A link to the document on which the press release was based can be found below.
The seminar held at the Ffwrnes Theatre in Llanelli on 21st October was not one of the council's greatest PR triumphs, with protests outside, "Independent" councillors trying to get the Plaid Cymru councillors who were there in an observing capacity ejected, and the chief executive asking the branch secretary of Unison, Mark Evans, to leave because his presence might put some councillors off
Despite strenuous attempts by the council to prevent details of the proposals from leaking out to the public, Caebrwyn and Cneifiwr managed to get their hands on a fairly accurate breakdown of the cuts.
The Press Office, confirming its status as the Welsh equivalent of Zimbabwe's Ministry of Information, was adamant on Twitter that journalists had not been told that they could not report details of the proposals in reply to a tweet from Caebrwyn:
"Carms | Sir Gâr
Funny that some of the more reputable members of the press corps seemed to have rather different recollections of what they were told, and funny that neither the BBC nor any of the local press reported on details of proposals which would normally be expected to be front page material.
Be that as it may, the Council has now published a document (here) which gives a breakdown of the proposed cuts which were discussed in the theatre.
The document sets the record straight on a number of points, and so it is only fair to report them:
- The council says that 40 councillors participated, which means that 11 Labour and Independent councillors must have been absent.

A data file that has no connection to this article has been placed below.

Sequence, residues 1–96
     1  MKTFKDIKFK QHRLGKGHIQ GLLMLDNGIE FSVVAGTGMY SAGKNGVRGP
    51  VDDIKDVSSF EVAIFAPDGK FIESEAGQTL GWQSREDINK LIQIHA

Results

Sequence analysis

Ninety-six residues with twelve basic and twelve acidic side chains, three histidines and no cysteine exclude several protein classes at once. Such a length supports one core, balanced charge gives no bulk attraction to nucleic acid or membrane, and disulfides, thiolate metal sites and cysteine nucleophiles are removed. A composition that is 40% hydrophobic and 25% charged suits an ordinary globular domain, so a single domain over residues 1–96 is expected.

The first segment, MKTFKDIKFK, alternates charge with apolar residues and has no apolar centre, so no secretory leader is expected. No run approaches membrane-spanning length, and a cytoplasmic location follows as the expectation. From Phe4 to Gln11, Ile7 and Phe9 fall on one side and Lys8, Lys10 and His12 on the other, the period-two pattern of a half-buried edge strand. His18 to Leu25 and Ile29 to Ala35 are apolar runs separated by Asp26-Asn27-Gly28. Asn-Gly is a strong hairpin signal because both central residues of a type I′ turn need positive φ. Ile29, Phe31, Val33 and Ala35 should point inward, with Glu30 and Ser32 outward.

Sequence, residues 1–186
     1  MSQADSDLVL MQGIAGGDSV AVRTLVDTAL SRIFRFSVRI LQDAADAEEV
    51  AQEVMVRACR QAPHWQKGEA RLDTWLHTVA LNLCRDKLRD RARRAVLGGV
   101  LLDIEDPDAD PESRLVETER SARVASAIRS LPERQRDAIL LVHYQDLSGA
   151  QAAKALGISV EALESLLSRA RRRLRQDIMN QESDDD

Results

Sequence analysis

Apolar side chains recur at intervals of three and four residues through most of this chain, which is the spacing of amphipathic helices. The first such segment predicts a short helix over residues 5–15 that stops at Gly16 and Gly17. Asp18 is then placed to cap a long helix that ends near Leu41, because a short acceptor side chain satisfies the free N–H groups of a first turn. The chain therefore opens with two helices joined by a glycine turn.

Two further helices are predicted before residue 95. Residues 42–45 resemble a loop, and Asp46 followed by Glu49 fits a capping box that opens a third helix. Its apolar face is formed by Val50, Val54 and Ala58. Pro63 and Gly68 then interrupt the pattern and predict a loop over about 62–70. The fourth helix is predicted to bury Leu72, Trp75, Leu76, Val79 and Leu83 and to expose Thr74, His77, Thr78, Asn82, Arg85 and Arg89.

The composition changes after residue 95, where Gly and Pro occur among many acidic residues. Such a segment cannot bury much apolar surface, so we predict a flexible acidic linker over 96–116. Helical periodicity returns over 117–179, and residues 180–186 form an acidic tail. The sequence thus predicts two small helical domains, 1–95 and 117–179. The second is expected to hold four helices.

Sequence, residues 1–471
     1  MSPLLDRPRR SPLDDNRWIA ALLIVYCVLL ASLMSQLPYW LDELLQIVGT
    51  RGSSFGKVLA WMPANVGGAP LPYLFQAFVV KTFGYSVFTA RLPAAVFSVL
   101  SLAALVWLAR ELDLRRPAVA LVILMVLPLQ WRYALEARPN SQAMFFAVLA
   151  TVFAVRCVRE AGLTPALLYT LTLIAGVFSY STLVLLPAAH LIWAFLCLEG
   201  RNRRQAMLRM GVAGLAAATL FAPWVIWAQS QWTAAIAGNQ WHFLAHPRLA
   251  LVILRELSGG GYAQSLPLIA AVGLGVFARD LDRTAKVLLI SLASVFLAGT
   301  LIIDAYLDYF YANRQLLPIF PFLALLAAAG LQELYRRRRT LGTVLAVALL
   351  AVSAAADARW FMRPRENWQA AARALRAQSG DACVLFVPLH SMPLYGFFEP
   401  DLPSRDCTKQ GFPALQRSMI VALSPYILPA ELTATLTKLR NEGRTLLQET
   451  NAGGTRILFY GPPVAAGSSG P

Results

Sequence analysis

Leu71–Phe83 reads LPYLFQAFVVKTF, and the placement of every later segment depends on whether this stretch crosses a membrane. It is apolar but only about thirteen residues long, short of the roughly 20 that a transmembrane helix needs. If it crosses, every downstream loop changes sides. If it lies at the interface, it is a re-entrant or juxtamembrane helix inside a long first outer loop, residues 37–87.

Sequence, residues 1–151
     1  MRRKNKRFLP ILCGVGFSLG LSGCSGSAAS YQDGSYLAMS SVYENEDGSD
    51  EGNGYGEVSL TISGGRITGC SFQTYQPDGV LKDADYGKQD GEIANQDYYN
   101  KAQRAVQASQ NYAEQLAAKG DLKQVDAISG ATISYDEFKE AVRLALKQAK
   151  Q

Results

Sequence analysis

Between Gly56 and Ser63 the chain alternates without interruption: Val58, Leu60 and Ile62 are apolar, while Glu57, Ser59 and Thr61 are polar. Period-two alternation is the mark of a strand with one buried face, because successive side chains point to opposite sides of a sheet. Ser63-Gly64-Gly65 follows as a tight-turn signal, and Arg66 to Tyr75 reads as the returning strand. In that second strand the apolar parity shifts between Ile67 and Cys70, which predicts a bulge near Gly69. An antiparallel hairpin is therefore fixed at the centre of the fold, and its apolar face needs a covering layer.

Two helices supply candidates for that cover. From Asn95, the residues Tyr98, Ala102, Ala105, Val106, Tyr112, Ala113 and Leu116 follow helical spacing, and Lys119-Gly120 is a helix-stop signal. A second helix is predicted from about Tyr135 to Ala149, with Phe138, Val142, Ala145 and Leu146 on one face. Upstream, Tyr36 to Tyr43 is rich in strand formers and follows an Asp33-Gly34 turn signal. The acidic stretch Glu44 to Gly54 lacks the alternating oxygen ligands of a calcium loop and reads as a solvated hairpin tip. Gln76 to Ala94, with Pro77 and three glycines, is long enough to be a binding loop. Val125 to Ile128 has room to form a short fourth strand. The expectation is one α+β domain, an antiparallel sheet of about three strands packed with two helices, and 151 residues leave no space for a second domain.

- In addition to the proposals aired at the seminar, the council is working on a package of "managerial" cuts worth £16 million over three years (i.e. internal cuts rather than cuts to frontline services).
- The value of the cuts discussed in Llanelli is £14 million over three years.
- Some councillors have submitted their own proposals, and those will be looked at internally and may go forward as part of more detailed proposals.
Anyone who looks at the document will notice that transparency only goes so far. Many of the proposals are given a very broad description, such as "Catering Services" (proposed saving of £1.2 million) with no indication of how the saving would be achieved.
Although a few of the votes were close, what is striking is how many proposals were waved through by a large majority. Proposals to slash spending on school transport encountered very little opposition from the Labour and Independent councillors who took part. And not one single councillor voted against the idea of a £50 "administration fee" for every child in secondary education using school buses.
Cllr Calum Higgins (Lab), who hopes to represent Carmarthen East and Dinefwr after the next general election, reckons that Plaid Cymru councillors were shirking their responsibilities when they decided not to participate in the PR farce at the Ffwrnes.
No doubt voters hit with higher council tax bills, huge new charges for school transport, higher car parking charges and cuts in a huge raft of other council services will show him how grateful they are in 2015.
Readers in Newcastle Emlyn and the surrounding area may be interested to hear that the town's leisure centre is singled out for cuts totalling £35,000, besides which pupils from the adjoining Ysgol Gyfun Emlyn school will no longer be able to use its facilities. Cneifiwr is considering getting up a petition to rename what's left as "Canolfan Calum Higgins" so that Calum's contribution to our welfare is not forgotten.